Hosmer House next to the police station
The Hosmer House has long been located at 1557 Massachusetts Avenue, next to the Lexington Police Station at 1575 Mass. Ave. (Sophie Culpepper / LexObserver)

The Hosmer House, a 150+-year-old building in Lexington Center that has been vacant for more than a decade, has stood on Mass. Ave since its construction. But after key public approvals were finally completed last month, applicants John and Rosalina Carroll are moving the historic building to 39 and 43 Blossomcrest Road near the Route 2 ramp, clearing the way for construction of Lexington’s new, larger police station at 1575 Mass. Ave.

The Carrolls decided to take on moving the Hosmer House after reading that it could be fated for demolition in a Lexington newspaper, Rosalina Carroll wrote in an email to LexObserver. The Carrolls submitted a bid in response to the Town’s third Requests for Proposal (RFP). Two previous Town RFPs did not result in a satisfactory bid.

“We felt bad we were going to [lose] a piece of history in Lexington,” Rosalina Carroll wrote. “We felt with the exhaustive search of over 300 town owned locations, [o]ur location would work best in saving it from being moved out of town or being demolished.”

The Zoning Board of Appeals unanimously approved the Carrolls’ special permit application Oct. 13. The Planning Board also approved their application Oct. 19. This summer, the Select Board approved the sale of the Hosmer House and the Historic Districts Commission granted the Carrolls a Certificate of Appropriateness to move the house out of the historic district by a 4-2 vote.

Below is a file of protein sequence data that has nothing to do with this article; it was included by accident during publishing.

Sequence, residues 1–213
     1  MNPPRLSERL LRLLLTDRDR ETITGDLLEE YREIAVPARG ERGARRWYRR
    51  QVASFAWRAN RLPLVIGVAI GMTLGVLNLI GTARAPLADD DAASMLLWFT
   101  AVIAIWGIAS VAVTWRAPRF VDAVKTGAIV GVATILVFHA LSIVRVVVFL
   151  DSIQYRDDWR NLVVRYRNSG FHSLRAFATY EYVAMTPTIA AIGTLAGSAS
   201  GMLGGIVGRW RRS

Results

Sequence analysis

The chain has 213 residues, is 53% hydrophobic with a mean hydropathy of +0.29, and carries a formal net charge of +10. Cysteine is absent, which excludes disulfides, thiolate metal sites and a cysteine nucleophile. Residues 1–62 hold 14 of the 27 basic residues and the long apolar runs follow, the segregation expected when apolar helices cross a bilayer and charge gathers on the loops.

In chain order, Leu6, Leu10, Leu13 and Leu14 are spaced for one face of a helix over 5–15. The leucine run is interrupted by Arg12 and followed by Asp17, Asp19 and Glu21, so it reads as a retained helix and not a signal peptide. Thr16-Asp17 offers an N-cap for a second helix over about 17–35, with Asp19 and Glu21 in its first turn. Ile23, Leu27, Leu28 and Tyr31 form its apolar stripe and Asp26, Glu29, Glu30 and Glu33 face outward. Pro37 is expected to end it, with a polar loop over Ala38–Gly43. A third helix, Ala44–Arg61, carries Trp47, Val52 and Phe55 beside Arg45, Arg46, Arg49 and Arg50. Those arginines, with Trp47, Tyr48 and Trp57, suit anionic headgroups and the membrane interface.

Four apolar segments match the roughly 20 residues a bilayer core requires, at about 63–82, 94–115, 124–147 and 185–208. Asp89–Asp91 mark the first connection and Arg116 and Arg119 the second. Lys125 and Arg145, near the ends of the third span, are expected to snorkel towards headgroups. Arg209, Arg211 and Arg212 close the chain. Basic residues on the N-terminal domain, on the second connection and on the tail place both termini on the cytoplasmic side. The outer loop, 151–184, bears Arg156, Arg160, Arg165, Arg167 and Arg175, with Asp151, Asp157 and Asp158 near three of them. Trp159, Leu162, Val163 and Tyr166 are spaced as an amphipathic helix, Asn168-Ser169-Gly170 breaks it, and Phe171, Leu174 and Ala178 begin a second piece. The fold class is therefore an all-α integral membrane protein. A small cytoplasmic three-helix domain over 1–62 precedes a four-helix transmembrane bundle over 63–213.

“We thought it would [have] been a simple process, but there has been a lot of red tape,” Rosalina Carroll wrote in a September email.

The process of physically moving the Hosmer House takes roughly a week in total, according to Rosalina Carroll. The Carrolls plan to renovate the house for residential use.

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1 Comment

  1. Thank you and hats off to the Carroll’s for their hard work to save this charming period structure, which was clearly a challenging process. Their dedication is beyond commendable. However, the house in its current location, with the surrounding public open space appropriately improved, would have provided a gracious “Entrance” to Lexington Center, which was the intent of the original acquisition of the property by the Town. This intent has been thwarted. Instead, an oversized, out-of-scale police station is now in process to loom over the Center. Unfortunate.

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